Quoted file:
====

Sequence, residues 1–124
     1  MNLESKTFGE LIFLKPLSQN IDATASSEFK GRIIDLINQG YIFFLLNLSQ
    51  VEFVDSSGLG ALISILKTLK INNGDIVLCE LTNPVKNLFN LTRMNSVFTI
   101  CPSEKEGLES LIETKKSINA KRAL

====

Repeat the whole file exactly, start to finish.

Sequence, residues 1–124
     1  MNLESKTFGE LIFLKPLSQN IDATASSEFK GRIIDLINQG YIFFLLNLSQ
    51  VEFVDSSGLG ALISILKTLK INNGDIVLCE LTNPVKNLFN LTRMNSVFTI
   101  CPSEKEGLES LIETKKSINA KRAL